"But the son abideth ever." It is the irreversible blessing of a son, that he is never to be turned out of the house -that the union between the Parent and the child can never be broken, but that he is to reign with Christ through the ages of one everlasting day. This is a sweet consolation to God s family, that "the son abideth ever." How often is a child of God exercised, whether he shall abide for ever, whether he may not draw back to perdition, whether some temptation may not overtake him whereby it shall be made manifest that he is nothing but a deceiver and deceived! But the Lord himself says, "the son abideth ever;" let him be but a babe, let him have but the first beginning of spiritual life in his soul, he "abideth ever;" he has the same interest in the affections of the Father, is a fellow-heir with Christ, and has a title to the same inheritance as those who are of longer standing, and those who are his elders in age.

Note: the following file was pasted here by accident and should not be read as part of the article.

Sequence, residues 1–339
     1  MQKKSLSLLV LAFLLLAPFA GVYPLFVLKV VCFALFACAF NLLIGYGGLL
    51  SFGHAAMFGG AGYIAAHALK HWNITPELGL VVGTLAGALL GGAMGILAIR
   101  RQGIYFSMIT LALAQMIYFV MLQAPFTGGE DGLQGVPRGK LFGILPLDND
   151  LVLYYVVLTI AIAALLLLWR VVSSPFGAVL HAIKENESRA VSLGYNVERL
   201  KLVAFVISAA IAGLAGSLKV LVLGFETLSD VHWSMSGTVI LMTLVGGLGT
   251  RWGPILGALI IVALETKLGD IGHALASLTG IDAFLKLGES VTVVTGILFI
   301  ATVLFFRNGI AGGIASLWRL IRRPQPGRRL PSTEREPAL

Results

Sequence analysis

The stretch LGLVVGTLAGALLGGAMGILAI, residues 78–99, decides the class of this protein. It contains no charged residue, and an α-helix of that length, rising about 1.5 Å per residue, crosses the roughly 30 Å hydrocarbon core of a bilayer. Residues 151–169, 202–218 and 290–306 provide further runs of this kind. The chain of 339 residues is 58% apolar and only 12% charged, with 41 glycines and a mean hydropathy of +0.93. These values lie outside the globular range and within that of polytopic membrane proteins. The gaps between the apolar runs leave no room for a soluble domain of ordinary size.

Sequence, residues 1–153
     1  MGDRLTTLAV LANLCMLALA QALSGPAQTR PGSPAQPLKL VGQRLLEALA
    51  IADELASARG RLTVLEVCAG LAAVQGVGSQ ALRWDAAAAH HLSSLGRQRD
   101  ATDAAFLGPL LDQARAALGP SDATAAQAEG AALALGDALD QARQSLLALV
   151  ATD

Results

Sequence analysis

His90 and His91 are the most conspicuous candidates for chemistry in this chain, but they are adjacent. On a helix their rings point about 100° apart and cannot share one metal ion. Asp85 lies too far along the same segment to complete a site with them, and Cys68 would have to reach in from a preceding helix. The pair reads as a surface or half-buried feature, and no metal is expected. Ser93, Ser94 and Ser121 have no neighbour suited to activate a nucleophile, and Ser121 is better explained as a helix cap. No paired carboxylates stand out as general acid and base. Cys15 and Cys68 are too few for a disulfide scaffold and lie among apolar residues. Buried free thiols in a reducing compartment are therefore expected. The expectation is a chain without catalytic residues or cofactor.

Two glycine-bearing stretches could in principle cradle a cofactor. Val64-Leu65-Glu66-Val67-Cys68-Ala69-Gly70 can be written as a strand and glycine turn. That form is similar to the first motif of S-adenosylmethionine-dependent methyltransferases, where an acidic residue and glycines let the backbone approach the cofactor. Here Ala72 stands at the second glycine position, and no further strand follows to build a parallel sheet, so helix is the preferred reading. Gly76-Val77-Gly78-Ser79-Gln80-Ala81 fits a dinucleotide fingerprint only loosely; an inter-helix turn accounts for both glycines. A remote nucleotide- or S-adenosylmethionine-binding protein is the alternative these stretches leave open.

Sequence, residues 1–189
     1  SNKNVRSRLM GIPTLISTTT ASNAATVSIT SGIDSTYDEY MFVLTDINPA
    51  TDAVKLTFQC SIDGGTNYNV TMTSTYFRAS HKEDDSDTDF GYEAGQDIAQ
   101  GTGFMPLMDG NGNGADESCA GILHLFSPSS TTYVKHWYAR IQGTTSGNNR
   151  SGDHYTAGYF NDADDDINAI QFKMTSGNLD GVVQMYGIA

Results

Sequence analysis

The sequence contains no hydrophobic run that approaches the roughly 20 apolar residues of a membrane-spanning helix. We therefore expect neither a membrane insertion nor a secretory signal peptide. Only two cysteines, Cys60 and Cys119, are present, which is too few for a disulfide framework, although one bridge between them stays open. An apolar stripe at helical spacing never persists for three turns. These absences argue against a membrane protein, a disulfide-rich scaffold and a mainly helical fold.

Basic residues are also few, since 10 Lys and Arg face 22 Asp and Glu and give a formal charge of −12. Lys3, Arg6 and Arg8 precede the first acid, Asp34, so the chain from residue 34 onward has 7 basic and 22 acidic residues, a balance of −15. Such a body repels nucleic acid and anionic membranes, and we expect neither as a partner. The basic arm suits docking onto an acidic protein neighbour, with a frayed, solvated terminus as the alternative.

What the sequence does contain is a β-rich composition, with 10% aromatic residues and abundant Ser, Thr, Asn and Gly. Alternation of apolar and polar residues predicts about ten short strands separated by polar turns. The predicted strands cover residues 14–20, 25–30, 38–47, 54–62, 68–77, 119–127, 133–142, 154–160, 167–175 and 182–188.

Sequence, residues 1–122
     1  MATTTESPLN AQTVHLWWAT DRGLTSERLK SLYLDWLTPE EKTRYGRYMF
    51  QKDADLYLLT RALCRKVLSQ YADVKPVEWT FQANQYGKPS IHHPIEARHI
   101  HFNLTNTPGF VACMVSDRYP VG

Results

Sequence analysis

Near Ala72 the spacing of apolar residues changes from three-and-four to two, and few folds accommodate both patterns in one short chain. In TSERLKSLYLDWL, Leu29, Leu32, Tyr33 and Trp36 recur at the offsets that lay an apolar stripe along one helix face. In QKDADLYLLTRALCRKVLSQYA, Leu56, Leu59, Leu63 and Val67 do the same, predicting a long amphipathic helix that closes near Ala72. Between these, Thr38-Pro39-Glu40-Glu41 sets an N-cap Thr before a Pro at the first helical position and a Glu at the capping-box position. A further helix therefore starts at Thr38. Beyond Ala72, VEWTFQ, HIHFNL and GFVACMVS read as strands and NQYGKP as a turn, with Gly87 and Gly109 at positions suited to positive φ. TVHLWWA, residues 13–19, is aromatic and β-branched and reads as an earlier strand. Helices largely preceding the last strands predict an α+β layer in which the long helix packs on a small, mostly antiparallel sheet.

But sometimes the son shall get tired of the restraint of his Father s house. God is a wise parent, as well as a kind one. He will treat his children with the most tender kindness and intimacy, but he will never allow them to be guilty of disrespect towards him. Sometimes, then, the sons shall get weary of their Father s house; they are like the younger son in the parable, when he asked his father to give him his portion, and when he had got it, he went away into a far country, away from his father s house, from under his father s roof, and wasted it in riotous living. This is where many of God s children get. There is a restraint in God s house, where the soul is really not blessed with the personal and present enjoyment of Gospel truth, and restraint being ever irksome, the vain idolatrous heart thinks it can derive some pleasure from the world which is not to be found under the roof of the father. And, therefore, he gradually withdraws his steps from his father s house, seeks to derive some pleasure from the things of time and sense, erects some idol, and falls down to worship it. But, notwithstanding all this, "the son abideth ever." If he leaves the house, he is not to be an outcast for ever, he is not to be an alien; the father does not take his pen and scratch his name out of the will; does not dissolve the connexion between them, and scatter the relationship to the four winds. The father of all his people in Christ does not disinherit his dear children; and though earthly parents may disinherit theirs, God s family are never cast out of the inheritance. The land might be sold away from the family, but it was to return at the year of jubilee. It never was to be alienated from generation to generation; it was always to continue in the same family, and to be known by the same name. Thus God never did and never can disinherit an heir of himself, for the elect are "heirs of God," and as being his own heirs, are "joint heirs with Christ." Let them be disobedient children, they are still heirs, and if they sell for a season the inheritance, it will return in the year of jubilee. The true-born Israelite who had waxed poor and sold himself unto the stranger, was to obtain his freedom in the year of jubilee Le 25:47,54, and to return to his own house and his own estate. So the son who has departed from his father s house, and sold himself under sin, and become a slave to that cruel taskmaster, when the year of jubilee comes, the year of restoration, and the silver trumpet is blown, shakes off his shackles and fetters, casts aside the livery of servitude, returns to his father s house, and is received with joy beneath his father s roof. Oh, what a meeting! The forgiving parent, and the disobedient child! The father dissolved in tears of affection, the child dissolved in tears of contrition! Whatever, then, be our wanderings of heart, alienation of affection, and backsliding of soul; however we may depart from God, so far as we are sons, we shall "abide in the house for ever," and possess an "inheritance incorruptible and undefiled, and that fadeth not away, reserved in heaven for those that are kept by the power of God, through faith unto salvation." And it will be our mercy to abide in the house below as members of the family, without departing from it, until reunited to the family above, "the general assembly and Church of the first-born, whose names are written in heaven."